Five ways business coaching is like a pyramid scheme

Has business coaching become a pyramid scheme? Find out how the industry can sometimes resemble the MLM industry, and the signs to watch out for.

Over the past 10 years, we’ve seen the world of business coaching change dramatically. And we can’t help thinking that, more and more today, it is resembling a pyramid scheme.

And we’re well placed to spot one! We have been investigating the multi-level marketing (MLM) industry since 2016, so know well how this particular business model works. And if you have read any of our dozens of investigations into the MLM world, you’ll know we believe that MLMs are pyramid schemes.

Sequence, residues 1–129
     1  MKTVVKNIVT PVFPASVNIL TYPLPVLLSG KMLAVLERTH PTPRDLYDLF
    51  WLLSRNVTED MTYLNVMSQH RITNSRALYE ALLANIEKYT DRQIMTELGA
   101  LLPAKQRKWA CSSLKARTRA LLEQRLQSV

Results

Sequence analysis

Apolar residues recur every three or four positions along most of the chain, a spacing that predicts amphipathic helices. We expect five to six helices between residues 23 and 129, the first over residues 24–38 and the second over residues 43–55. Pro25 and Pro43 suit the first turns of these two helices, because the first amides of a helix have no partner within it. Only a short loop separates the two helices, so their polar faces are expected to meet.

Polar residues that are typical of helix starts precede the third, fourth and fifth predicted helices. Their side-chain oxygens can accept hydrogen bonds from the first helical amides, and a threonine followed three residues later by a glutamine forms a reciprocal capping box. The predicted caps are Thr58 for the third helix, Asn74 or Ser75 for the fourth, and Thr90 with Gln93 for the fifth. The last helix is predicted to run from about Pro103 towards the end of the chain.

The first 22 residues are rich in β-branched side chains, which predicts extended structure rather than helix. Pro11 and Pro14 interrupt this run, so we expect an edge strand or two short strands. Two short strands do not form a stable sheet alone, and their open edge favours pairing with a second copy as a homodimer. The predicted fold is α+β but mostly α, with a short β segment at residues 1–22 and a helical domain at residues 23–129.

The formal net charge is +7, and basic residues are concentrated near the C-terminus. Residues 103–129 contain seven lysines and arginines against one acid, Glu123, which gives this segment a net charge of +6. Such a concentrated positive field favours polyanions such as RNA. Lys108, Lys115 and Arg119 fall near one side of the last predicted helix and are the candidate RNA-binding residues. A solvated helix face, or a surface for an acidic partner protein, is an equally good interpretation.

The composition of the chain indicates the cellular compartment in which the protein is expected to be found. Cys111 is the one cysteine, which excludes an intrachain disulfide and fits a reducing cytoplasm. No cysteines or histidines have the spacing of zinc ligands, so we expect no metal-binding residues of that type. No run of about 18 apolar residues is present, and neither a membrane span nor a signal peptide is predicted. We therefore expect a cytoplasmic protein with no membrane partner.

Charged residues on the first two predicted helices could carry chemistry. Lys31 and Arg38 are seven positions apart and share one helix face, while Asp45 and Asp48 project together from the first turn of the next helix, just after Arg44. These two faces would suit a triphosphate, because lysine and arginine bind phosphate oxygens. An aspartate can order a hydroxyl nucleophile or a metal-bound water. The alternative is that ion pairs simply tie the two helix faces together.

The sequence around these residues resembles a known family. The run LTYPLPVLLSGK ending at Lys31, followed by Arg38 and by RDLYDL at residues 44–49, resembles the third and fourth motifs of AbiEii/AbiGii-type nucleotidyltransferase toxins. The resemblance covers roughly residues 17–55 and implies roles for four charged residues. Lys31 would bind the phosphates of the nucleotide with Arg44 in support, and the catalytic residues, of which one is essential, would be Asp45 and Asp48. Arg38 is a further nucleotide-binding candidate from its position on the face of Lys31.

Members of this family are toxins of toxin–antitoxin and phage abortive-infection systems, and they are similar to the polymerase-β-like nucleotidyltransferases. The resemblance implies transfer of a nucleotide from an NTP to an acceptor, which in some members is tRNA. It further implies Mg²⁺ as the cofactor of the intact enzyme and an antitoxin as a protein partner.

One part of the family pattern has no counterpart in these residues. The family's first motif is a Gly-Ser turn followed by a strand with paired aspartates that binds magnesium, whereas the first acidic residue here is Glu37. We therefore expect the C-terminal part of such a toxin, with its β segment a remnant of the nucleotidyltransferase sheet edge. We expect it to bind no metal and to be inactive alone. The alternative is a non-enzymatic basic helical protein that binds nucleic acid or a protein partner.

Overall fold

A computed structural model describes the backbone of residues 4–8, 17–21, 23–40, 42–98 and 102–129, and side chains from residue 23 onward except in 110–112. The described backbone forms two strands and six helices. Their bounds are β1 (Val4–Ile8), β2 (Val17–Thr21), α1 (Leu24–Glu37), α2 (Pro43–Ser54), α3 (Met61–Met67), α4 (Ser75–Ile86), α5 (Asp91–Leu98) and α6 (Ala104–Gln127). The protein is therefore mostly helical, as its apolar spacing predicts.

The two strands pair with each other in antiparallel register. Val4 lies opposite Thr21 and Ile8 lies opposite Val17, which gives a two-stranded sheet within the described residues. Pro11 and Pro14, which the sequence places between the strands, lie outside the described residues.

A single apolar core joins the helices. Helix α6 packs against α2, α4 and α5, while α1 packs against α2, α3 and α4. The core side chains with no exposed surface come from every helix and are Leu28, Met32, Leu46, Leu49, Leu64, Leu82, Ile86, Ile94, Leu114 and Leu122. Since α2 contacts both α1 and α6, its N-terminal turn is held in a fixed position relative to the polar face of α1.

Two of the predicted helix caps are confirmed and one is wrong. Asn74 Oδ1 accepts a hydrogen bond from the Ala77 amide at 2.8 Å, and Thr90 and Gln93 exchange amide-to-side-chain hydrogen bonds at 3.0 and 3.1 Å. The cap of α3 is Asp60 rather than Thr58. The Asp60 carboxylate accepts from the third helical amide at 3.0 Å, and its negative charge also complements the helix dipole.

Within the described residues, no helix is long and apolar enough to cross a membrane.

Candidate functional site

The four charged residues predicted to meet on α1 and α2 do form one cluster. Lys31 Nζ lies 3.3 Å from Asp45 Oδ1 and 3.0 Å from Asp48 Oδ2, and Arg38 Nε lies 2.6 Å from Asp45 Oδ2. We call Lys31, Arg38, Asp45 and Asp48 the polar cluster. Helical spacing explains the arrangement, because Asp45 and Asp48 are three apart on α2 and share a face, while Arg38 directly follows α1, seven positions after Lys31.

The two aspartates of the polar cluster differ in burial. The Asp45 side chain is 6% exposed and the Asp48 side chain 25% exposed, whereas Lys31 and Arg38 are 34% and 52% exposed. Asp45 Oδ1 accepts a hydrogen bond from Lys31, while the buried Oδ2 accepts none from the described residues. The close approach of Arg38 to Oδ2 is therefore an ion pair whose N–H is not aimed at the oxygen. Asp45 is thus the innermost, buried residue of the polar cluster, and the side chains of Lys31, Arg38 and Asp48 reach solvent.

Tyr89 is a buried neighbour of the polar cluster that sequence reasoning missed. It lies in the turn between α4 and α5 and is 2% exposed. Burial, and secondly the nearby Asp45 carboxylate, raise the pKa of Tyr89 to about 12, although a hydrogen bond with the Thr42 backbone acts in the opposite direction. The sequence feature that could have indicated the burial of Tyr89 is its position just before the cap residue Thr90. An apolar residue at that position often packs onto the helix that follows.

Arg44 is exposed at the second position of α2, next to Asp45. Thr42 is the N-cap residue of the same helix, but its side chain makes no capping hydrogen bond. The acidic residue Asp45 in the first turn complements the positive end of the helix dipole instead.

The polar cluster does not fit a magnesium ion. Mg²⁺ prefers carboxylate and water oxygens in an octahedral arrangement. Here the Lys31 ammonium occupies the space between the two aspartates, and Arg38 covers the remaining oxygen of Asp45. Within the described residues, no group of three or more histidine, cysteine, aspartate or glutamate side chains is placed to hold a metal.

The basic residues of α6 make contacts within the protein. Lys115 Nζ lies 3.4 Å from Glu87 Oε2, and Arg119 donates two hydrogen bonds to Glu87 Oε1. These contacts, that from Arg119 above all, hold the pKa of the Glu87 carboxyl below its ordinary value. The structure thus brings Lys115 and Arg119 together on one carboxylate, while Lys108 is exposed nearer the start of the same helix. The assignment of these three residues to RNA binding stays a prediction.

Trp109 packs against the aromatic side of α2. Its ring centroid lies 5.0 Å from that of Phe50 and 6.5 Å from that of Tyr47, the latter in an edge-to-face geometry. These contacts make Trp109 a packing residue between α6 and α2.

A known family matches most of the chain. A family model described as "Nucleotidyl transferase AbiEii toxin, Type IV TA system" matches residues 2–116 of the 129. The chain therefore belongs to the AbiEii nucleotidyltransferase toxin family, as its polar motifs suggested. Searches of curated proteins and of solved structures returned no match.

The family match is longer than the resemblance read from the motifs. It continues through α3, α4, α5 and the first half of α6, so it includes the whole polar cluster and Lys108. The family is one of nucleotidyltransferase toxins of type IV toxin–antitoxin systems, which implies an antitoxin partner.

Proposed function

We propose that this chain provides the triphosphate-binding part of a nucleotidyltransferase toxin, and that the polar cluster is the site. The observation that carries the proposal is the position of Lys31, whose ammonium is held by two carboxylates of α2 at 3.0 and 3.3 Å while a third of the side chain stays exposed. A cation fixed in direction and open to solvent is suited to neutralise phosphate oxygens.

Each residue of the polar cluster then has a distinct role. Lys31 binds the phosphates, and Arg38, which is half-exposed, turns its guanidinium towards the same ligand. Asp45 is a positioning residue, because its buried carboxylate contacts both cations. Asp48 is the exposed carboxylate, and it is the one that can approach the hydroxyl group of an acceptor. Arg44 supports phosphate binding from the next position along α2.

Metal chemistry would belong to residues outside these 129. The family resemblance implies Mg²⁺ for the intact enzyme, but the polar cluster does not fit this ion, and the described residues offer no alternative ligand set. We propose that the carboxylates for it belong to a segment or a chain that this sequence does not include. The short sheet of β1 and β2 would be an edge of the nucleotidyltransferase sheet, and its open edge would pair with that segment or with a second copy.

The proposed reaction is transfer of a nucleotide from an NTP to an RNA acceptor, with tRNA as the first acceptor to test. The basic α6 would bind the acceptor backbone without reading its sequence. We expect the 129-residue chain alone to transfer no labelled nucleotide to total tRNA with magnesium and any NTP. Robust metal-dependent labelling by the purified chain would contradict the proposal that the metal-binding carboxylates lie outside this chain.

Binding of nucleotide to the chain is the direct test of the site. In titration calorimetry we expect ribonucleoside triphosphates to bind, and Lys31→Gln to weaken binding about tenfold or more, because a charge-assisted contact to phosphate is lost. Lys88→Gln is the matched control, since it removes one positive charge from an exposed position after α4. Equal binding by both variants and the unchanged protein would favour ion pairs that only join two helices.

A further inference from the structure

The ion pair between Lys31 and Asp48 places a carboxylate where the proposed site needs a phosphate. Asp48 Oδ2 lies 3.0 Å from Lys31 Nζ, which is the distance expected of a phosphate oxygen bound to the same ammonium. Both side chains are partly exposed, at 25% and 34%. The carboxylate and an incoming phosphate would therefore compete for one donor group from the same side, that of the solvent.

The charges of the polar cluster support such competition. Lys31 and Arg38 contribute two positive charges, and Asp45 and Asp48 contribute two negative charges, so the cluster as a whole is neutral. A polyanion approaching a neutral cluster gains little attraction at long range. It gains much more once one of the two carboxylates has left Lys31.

And, worryingly, we see many of the same red flags common in MLMs in today’s business coaching world. So it’s not surprising, when you look into the background of some business coaches, that they have connections to MLMs in their past.

So what are the signs we see? And how can you know when to avoid signing up to a business coaching programme? Before we explore the similarities between business coaching and pyramid schemes, let’s look at how we got here.

What’s the history of business coaching?

The contemporary history of business coaching can be traced back to the 1970s, when Thomas Leonard founded the first coach training school in the USA.

Leonard was apparently inspired by the work of American psychologist Carl Rogers, who believed that everyone had the potential to grow and change. Leonard saw coaching as a way to help people unlock their potential and achieve their goals.